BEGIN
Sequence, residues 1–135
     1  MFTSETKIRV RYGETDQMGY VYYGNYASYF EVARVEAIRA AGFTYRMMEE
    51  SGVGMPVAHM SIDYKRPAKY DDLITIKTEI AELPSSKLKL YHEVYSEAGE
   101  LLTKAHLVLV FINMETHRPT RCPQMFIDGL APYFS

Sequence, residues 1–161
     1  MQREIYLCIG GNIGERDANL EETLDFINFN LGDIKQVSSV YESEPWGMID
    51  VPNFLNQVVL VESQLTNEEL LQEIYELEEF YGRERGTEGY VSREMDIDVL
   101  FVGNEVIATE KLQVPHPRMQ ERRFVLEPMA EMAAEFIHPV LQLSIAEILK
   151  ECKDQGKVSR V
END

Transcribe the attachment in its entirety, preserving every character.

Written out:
Sequence, residues 1–135
     1  MFTSETKIRV RYGETDQMGY VYYGNYASYF EVARVEAIRA AGFTYRMMEE
    51  SGVGMPVAHM SIDYKRPAKY DDLITIKTEI AELPSSKLKL YHEVYSEAGE
   101  LLTKAHLVLV FINMETHRPT RCPQMFIDGL APYFS

Sequence, residues 1–161
     1  MQREIYLCIG GNIGERDANL EETLDFINFN LGDIKQVSSV YESEPWGMID
    51  VPNFLNQVVL VESQLTNEEL LQEIYELEEF YGRERGTEGY VSREMDIDVL
   101  FVGNEVIATE KLQVPHPRMQ ERRFVLEPMA EMAAEFIHPV LQLSIAEILK
   151  ECKDQGKVSR V